(A) SecA shown in the so-called open (left) and closed (right) conformations. Interconversion between the two conformations requires that PBD undergo a vert, similar 60° rigid-body rotation (Osborne et al., 2004). PBD is displayed as semitransparent surface. The green sphere indicates residue 830, in which a paramagnetic spin label was introduced. Residues Ile304 and Ile789 are shown as yellow and red spheres, respectively. Characteristic distances in the two conformations are indicated. A strong NOE between Ile304 and Ile789 was observed, demonstrating that SecA adopts predominantly the open conformation in solution.
(B) Overlaid ^1H-^13C HMQC spectra of SecA bearing a spin label in position 830 in the reduced (blue) and oxidized (red) state. Residues that approach the spin label, even transiently, experience a broadening effect, which is suppressed in the reduced state.
 
  The above figures are reprinted from an Open Access publication published by Cell Press: Cell (2007, 131, 756-769) copyright 2007.  
  Figures were selected by an automated process.  

Literature references that cite this PDB file's key reference

  PubMed id Reference
23000954 M.E.Feltcher, and M.Braunstein (2012).
Emerging themes in SecA2-mediated protein export.
  Nat Rev Microbiol, 10, 779-789.  
21315086 A.J.Wowor, D.Yu, D.A.Kendall, and J.L.Cole (2011).
Energetics of SecA dimerization.
  J Mol Biol, 408, 87-98.  
21404360 C.G.Kalodimos (2011).
NMR reveals novel mechanisms of protein activity regulation.
  Protein Sci, 20, 773-782.  
21292166 D.Huber, N.Rajagopalan, S.Preissler, M.A.Rocco, F.Merz, G.Kramer, and B.Bukau (2011).
SecA interacts with ribosomes in order to facilitate posttranslational translocation in bacteria.
  Mol Cell, 41, 343-353.  
21234551 E.A.Kapellios, S.Karamanou, M.F.Sardis, M.Aivaliotis, A.Economou, and S.A.Pergantis (2011).
Using nanoelectrospray ion mobility spectrometry (GEMMA) to determine the size and relative molecular mass of proteins and protein assemblies: a comparison with MALLS and QELS.
  Anal Bioanal Chem, 399, 2421-2433.  
21183720 G.E.Karagöz, A.M.Duarte, H.Ippel, C.Uetrecht, T.Sinnige, M.van Rosmalen, J.Hausmann, A.J.Heck, R.Boelens, and S.G.Rüdiger (2011).
N-terminal domain of human Hsp90 triggers binding to the cochaperone p23.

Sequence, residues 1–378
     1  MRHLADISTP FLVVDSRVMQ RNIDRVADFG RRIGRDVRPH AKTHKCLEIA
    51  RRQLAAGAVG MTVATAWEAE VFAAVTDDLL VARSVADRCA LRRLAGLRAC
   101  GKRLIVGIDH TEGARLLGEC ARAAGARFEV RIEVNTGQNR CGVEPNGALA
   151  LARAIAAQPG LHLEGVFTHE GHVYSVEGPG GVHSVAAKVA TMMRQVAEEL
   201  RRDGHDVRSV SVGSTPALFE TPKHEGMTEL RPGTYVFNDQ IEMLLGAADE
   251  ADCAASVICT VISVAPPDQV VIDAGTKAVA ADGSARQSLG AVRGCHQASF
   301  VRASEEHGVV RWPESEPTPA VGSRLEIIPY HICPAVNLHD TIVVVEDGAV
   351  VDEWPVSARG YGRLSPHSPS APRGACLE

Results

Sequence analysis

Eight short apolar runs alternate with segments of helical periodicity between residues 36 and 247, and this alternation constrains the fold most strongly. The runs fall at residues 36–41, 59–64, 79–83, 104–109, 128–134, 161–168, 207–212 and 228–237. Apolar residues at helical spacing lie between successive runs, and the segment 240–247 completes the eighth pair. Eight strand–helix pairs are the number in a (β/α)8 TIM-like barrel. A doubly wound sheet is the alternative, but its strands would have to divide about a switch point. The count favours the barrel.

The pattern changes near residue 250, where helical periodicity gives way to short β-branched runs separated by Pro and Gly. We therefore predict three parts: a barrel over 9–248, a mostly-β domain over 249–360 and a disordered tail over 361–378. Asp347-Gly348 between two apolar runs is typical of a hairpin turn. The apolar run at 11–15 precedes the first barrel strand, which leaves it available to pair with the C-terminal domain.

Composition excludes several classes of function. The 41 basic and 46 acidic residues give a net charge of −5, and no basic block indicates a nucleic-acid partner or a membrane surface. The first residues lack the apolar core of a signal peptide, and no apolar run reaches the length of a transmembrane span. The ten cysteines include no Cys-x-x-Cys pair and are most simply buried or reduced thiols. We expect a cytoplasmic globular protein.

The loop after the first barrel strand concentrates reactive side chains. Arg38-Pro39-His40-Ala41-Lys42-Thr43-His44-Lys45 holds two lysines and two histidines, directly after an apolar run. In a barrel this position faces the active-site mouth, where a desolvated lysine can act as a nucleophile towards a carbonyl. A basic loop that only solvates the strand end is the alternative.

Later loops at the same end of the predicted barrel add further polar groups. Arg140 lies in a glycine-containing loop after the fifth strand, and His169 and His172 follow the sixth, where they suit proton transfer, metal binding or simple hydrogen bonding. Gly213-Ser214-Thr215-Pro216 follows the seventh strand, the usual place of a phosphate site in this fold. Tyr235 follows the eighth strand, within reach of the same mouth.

Proc Natl Acad Sci U S A, 108, 580-585.  
21435272 J.J.Minty, A.A.Lesnefsky, F.Lin, Y.Chen, T.A.Zaroff, A.B.Veloso, B.Xie, C.A.McConnell, R.J.Ward, D.R.Schwartz, J.M.Rouillard, Y.Gao, E.Gulari, and X.N.Lin (2011).
Evolution combined with genomic study elucidates genetic bases of isobutanol tolerance in Escherichia coli.
  Microb Cell Fact, 10, 18.  
21360154 J.L.Gifford, H.Ishida, and H.J.Vogel (2011).
Fast methionine-based solution structure determination of calcium-calmodulin complexes.
  J Biomol NMR, 50, 71-81.
PDB code: 2l7l
21056980 K.Deville, V.A.Gold, A.Robson, S.Whitehouse, R.B.Sessions, S.A.Baldwin, S.E.Radford, and I.Collinson (2011).
The oligomeric state and arrangement of the active bacterial translocon.
  J Biol Chem, 286, 4659-4669.  
21337475 P.Palladino, G.Saviano, T.Tancredi, E.Benedetti, F.Rossi, and R.Ragone (2011).
Structural determinants of protein translocation in bacteria: conformational flexibility of SecA IRA1 loop region.
  J Pept Sci, 17, 263-269.  
21109422 S.R.Tzeng, and C.G.Kalodimos (2011).
Protein dynamics and allostery: an NMR view.
  Curr Opin Struct Biol, 21, 62-67.  
21062757 T.Didenko, R.Boelens, and S.G.Rüdiger (2011).
3D DOSY-TROSY to determine the translational diffusion coefficient of large protein complexes.
  Protein Eng Des Sel, 24, 99.  
21304597 Y.Tang, X.Pan, Y.Chen, P.C.Tai, and S.F.Sui (2011).
Dimeric SecA couples the preprotein translocation in an asymmetric manner.
  PLoS One, 6, e16498.  
20949307 A.M.Ruschak, A.Velyvis, and L.E.Kay (2010).
A simple strategy for ¹³C, ¹H labeling at the Ile-γ2 methyl position in highly deuterated proteins.
  J Biomol NMR, 48, 129-135.  
20734113 G.L.Butterfoss, E.F.DeRose, S.A.Gabel, L.Perera, J.M.Krahn, G.A.Mueller, X.Zheng, and R.E.London (2010).
Conformational dependence of 13C shielding and coupling constants for methionine methyl groups.
  J Biomol NMR, 48, 31-47.  
20593467 J.J.Bockhorn, K.L.Lazar, A.J.Gasser, L.M.Luther, I.M.Qahwash, N.Chopra, and S.C.Meredith (2010).
Novel semisynthetic method for generating full length beta-amyloid peptides.
  Biopolymers, 94, 511-520.  
21059946 L.Banci, I.Bertini, C.Cefaro, L.Cenacchi, S.Ciofi-Baffoni, I.C.Felli, A.Gallo, L.Gonnelli, E.Luchinat, D.Sideris, and K.Tokatlidis (2010).